Talk Turkey Before Thanksgiving Day

    25 November, 2013


    From VOA Learning English, this is the Agriculture Report.

    On Thursday, most Americans will gather around a table with family and friends to give thanks. Traditionally, a turkey is at the center of the table on Thanksgiving Day.

    Turkeys are grown in many areas across the United States. Last year, near 70 percent of the birds came from one of seven states: they were Minnesota, North Carolina, Arkansas, Virginia, Missouri, Indiana and California. And estimated forty-six million turkeys were raised in Minnesota.

    The United States Department of Agriculture says 253 million turkeys were raised from January 2013 through September. There is a pleasant surprise about the cost of serving a turkey meal this month.

    Each year, the American Farm Bureau Federation prepares a study of the prices and sales of foods served on Thanksgiving. The group says the average cost of a Thanksgiving meal for ten people this year is forty-nine dollars and four cents. That is forty-four cents less than last year.

    Scott Aronson of Maryland says he had to buy a large turkey because of all the people coming to his home on Thanksgiving day.

    "Each year we celebrate Thanksgiving with friends and family. This year we will be hosting 16 people with a 23 pound turkey."

    Some Americans like to purchase their turkey directly from a farm. This can cost more than buying one at store. Nicole Roza said it is worth the extra money because Thanksgiving comes just once a year. Last year, she spent 70 dollars for a 7 kilogram farm turkey. Some people may choose to buy a turkey directly from a farm, because they are told what the turkeys have been feed.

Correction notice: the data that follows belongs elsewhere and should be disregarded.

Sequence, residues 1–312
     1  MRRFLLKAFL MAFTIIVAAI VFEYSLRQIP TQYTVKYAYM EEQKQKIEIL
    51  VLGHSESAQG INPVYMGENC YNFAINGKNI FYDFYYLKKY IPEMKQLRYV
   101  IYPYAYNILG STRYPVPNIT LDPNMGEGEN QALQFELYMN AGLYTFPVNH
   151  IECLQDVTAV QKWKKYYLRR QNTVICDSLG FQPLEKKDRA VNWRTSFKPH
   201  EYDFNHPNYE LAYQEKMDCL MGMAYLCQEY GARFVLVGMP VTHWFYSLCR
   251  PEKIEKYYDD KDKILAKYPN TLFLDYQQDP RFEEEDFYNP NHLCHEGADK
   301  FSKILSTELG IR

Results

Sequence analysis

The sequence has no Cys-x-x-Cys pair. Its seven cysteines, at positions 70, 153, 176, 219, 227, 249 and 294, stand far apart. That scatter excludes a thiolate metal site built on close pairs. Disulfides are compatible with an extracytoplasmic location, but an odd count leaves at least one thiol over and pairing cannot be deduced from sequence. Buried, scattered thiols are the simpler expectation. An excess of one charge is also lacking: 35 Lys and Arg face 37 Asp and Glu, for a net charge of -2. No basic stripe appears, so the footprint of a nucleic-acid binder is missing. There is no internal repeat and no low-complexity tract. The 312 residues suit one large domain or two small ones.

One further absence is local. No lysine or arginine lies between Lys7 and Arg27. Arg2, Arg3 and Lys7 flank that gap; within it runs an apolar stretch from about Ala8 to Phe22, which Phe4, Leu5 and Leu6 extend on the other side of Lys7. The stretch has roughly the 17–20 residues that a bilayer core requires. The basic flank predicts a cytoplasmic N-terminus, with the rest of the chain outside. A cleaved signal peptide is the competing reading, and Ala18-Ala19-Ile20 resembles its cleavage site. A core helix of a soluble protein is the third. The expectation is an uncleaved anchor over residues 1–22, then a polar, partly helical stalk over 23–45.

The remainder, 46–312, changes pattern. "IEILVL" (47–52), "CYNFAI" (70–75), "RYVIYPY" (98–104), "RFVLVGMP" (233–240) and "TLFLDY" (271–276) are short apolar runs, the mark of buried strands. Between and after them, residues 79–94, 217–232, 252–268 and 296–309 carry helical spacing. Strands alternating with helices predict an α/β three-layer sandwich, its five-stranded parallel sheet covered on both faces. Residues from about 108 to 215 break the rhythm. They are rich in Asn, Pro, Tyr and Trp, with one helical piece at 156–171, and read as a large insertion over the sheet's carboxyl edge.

Polyface Farm in Virginia Shenandoah Valley, for example, says its turkeys are raised on pasture, that lets the animals eat many kinds of grasses and other bird feed. In addition, they eat oats, corn and whole roasted soybeans. This year, Polyface Farm has already presold about 12 hundred turkeys. The orders come from restaurants, small businesses, farm customers and other buyers.

    Many countries have a smaller supply of turkeys than the United States, or perhaps, they have none of the birds. Turkeys do not grow in some parts of Africa for example. And in other areas, the animals can be very costly. A precooked, ready-to-serve turkey can cost as much as 100 dollars in places like Singapore.

    And that's the Agriculture Report from VOA Special English. I'm Jerilyn Watson.